Midsummer Autumn

Celebrate the season!

It’s a colour palette for rejoicing.

Art without four seasons. Life without four seasons. Life with dozens, often two at the same time, passing through each other like clouds!

What a beautiful dance.

Gardens of Water

I left the garden today, and all its lettuces, kale, spinach and dill, and went up to the water, where the birches rise out of the cedars and the wild roses.

The ducks were feeding on the blue damselflies and shrimp as clear and white as clouds.


The water showed the directionality of the sun, the coloured space that was blue from one angle, green from another, and from another all gravity and tension.


To my ancestors, there were languages: the language of birch, the language of cedar and the language of water, and sometimes they joined together and then there was song, or consciousness. My ancestors began there in that offering.


Being together with these languages, at the point of their meeting, was like reading cloud or reading the sea room for the weather coming from the north.


I am learning this language again. Poetry was once the tool for speaking it in human form. I learned this art in an old age of the world from a man who had gone to the old ages of the north of the world to find it.


It still is this art. It still is this age of the world. It is still this old earth. It is still this new.


It should not, however, be confused with literature or “communication,” as beautiful as they are. It can be spoken of alongside beauty, if by beauty we mean balance or organic or earthly form.


Speaking it as a garden is not a confusion. From high lakes like this, water leaves the sky and enters the streams and pipes that take it to my red orach, my oregano and my egyptian onions. They drink this. I feed on this, and not just physically.

From high lakes like this, light leaves the sky and enters my garden, too, in a form fitting of these heights. As I am this land, I am this water. It is not, you can see, what is normally called human. Of course it isn’t. This is the old knowledge. It is not humanism. That is a beautiful but far different thing.


To my ancestors, the cupped hands, or the skull, were raised in thanks and blessing. Skold! they said. They didn’t mean the skull, but the bowl it made that held the mind. They didn’t mean the hands, but the bowl — the old world was scale, or Schale, as they said (and say) in German — that held, that was the power of holding, lifting up and offering and that created them through this offering or lifting up.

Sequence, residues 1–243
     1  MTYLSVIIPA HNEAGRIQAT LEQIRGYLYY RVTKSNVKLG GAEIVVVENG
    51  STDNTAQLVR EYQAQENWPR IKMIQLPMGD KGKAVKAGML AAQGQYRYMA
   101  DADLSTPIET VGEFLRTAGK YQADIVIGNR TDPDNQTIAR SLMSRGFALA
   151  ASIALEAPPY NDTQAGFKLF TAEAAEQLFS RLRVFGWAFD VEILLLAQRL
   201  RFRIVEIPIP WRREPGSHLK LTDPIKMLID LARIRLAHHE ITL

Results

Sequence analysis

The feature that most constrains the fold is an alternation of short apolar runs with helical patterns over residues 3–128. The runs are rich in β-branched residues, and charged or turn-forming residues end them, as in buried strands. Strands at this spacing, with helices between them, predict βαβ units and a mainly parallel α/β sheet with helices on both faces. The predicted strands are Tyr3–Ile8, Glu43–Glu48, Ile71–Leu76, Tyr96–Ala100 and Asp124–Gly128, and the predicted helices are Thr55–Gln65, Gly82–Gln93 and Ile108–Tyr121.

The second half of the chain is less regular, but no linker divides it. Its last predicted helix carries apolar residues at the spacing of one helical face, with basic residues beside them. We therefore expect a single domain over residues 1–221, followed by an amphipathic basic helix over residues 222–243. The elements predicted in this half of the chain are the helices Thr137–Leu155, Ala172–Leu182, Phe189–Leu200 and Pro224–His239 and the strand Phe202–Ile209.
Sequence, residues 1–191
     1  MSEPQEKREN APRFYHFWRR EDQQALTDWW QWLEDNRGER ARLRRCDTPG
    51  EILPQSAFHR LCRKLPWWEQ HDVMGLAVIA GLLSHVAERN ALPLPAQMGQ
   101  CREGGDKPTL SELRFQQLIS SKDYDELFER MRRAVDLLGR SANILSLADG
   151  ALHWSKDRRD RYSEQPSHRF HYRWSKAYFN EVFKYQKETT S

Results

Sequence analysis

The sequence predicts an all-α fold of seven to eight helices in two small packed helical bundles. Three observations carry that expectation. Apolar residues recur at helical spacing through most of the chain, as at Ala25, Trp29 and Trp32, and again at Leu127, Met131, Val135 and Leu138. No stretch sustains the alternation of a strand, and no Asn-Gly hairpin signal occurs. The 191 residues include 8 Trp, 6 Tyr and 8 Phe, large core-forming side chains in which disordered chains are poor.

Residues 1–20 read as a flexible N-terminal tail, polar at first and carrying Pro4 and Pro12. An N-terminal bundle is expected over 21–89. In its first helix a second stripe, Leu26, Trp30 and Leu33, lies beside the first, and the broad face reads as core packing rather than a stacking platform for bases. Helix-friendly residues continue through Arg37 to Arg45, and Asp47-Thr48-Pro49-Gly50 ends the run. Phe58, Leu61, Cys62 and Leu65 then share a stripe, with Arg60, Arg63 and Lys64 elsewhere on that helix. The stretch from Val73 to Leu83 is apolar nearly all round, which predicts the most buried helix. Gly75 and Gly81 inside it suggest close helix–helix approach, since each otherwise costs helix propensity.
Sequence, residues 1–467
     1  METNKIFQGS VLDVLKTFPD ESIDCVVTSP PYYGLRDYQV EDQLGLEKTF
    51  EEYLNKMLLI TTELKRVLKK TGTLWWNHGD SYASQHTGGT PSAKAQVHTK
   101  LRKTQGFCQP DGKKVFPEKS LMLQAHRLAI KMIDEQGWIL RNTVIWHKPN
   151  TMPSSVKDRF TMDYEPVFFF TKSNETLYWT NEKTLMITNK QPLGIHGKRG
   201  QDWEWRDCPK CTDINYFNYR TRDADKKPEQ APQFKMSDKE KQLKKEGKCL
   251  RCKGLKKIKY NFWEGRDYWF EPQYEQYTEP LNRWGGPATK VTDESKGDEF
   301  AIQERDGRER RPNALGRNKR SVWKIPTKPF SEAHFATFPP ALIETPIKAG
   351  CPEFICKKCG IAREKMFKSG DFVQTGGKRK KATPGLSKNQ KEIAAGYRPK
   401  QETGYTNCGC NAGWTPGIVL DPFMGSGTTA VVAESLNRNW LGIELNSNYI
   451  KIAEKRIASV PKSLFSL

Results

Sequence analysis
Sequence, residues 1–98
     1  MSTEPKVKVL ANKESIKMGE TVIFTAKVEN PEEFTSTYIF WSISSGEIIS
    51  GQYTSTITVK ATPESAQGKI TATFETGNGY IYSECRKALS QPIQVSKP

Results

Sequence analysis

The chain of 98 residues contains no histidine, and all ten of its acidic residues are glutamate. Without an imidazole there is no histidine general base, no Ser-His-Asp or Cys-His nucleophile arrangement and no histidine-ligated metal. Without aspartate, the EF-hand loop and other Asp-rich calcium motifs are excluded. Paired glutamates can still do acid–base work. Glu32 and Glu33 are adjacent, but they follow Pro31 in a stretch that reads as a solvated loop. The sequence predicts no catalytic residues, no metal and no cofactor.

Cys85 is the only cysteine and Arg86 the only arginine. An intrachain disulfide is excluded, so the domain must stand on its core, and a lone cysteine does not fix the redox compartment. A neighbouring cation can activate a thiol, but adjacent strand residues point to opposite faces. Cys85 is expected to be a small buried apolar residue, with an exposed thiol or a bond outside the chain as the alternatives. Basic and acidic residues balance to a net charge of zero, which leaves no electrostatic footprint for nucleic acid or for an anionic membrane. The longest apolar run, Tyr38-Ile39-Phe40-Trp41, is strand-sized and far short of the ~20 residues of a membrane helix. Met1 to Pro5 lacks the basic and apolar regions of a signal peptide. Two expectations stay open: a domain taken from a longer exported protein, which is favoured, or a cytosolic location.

This is the holding up and the offering, this language of birch and cedar and water. This is where mind becomes.

This is the garden.

Apples Make Their Own Heat

Here’s my Spigold opening up last week. Note how the sun drew the leaves out quickly, but the flowers take their time, drawn out more slowly by the heat their fur traps close to their skins and the heat the red spectrum of their first show of petals gathers from the sun. What tiny worlds. What tiny energy effects!

This isn’t global warming. It’s local warming!

In the end, 500 gram apples are the result. It takes time. We have that.

More Than Ground Cover

When the weather is cool, spring is what you make of it.
The red oregon grape leaves among the poison ivy berries I found growing along Kalamalka Lake, are attracting warm light, invisible to my eye, while the yellow berries of the poison ivy (a form of cashew) keep humans and other predators out, even while signalling their presence to birds, who survive the spring partly because of this selection. As a result, both species are able to spread and take in more of the spring, effectively intensifying it — for all.